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New inquiry: Justice Committee launches new inquiry on the work of the County Court amid capacity and resource concerns

26 October 2023

The Justice Committee has today launched a new inquiry to examine the work of the County Court amid long-standing concerns over court capacity and resources.

It comes as data on the work of the County Court shows the time taken from claim to hearing continues to rise.   

In its 2022 report, the cross-party committee of MPs called on the Government to provide the “resources to ensure that the County Court has the capacity to deal with cases in a timely fashion”.   

The report also urged the Government to set out what steps it is taking to reduce delays in the County Court and to improve the judicial, physical, digital and staff capacity of the County Court.

But the Civil Justice Statistics Quarterly for April to June 2023, published on 7 September 2023, shows the average time taken for small claims and multi/fast track claims to go to trial was 52.3 weeks and 78.2 weeks - one week longer and 2.8 weeks longer than the same period in 2022.

Compared to 2019, these measures are 15.7 weeks longer for small claims and 19.1 weeks longer for multi/fast track claims. In September this year the Association of Consumer Support Organisations started a new campaign to reduce delays in the civil justice system.  

During the inquiry, the Committee will take evidence from both claimant and defendant firms, a range of representative bodies and NGOs, plus the Civil Justice minister Lord Bellamy KC.

Chair's comment

Chair of the Justice Committee, Sir Bob Neill said:

“The Justice Committee has held long-standing concerns over the resourcing and capacity of the County Court and made strong recommendations to this effect in its 2022 report.

“More than a year on, claims data shows the situation is worsening not improving and it’s right the Committee examines this deterioration and takes evidence from those impacted by delays, staffing levels, access, as well as other issues.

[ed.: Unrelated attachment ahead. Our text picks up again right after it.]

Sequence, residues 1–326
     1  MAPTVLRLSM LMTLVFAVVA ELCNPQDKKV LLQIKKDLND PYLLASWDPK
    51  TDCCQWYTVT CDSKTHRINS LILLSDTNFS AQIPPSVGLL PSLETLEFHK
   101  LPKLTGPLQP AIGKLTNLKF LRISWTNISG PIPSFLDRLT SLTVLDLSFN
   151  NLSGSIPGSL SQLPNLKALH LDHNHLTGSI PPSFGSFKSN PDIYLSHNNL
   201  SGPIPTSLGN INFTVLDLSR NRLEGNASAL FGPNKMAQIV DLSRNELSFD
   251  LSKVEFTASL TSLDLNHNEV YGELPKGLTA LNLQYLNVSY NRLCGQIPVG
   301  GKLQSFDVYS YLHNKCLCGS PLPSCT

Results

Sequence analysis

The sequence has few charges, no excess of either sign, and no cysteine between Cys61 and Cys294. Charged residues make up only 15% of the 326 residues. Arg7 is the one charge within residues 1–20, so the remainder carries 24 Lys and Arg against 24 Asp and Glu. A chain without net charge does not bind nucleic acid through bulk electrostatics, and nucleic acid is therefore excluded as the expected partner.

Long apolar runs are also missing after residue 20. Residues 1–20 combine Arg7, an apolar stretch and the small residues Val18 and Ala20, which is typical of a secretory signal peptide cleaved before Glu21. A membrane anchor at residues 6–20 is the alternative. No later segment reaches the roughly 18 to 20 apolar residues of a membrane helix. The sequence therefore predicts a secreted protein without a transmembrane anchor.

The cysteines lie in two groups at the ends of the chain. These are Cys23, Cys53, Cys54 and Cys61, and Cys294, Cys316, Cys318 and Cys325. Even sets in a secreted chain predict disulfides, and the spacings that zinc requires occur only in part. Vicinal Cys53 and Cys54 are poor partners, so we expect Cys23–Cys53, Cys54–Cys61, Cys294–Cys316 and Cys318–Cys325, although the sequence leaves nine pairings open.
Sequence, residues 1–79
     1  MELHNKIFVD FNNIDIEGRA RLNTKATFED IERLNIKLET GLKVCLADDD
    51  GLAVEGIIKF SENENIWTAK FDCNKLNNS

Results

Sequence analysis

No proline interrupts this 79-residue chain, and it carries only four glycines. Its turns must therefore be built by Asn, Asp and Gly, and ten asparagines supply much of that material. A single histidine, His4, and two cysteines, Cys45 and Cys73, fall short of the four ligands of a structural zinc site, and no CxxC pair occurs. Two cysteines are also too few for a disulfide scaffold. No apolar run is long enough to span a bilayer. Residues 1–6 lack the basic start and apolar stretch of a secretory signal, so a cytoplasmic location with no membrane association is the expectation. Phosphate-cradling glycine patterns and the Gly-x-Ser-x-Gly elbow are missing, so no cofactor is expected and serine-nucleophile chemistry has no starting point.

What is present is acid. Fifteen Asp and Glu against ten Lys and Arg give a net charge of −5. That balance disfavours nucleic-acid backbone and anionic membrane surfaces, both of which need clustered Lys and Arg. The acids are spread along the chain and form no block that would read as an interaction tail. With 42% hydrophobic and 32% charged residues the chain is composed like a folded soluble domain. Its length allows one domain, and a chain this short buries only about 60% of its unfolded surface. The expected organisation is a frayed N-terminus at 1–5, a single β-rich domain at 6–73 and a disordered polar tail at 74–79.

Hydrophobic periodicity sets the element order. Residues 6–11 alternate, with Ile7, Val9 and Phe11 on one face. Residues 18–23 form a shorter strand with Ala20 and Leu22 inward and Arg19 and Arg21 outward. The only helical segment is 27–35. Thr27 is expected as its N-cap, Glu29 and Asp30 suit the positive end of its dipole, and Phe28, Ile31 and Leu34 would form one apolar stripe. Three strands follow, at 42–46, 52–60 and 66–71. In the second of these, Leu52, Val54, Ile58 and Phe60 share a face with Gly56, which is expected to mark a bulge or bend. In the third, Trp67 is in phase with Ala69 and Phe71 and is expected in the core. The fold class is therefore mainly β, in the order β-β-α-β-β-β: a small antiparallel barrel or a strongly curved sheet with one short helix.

“The work of the County Court shouldn’t be the Cinderella of the justice system. It affects a significant proportion of the public, who rely on it to deliver justice. If it doesn’t have the resources it needs to function effectively then it will have a real impact on people’s lives, as well as on the economy.”

Terms of Reference

The Committee is launching a call for written evidence on the work of the County Court.

The Committee invites evidence submissions by Thursday, 14 December 2023 on: 

  • What the current level of delay in the County Court is; the extent of any regional variations; and the effect of delays on litigants and the administration of justice;  
  • The ways in which the County Court engages with litigants in person, and how this could be improved;  
  • The accessibility of the County Court for people with disabilities;  
  • The condition of the court estate, and its effect on the work of the County Court; 
  • The use of technology in the County Court and how it could be used to improve the service provided by the County Court; 
  • The effect of the court reform programme on the County Court, including the new Online Civil Money Claims service and the Damages Claims service; 
  • The current level of fees and the approach taken to costs in the County Court, and how the fees collected are used as part of the current funding arrangements for the County Court;  
  • Whether there is sufficient judicial capacity in the County Court, and current steps to improve judicial capacity;  
  • Whether there is sufficient staffing of the County Court; 
  • The causes of action giving rise to claims in the County Court; 
  • The current procedural mechanisms used by the County Court to resolve disputes; 
  • The quality of data available on the work of the County Court; and 
  • What future reforms to the County Court should be considered. 

Further information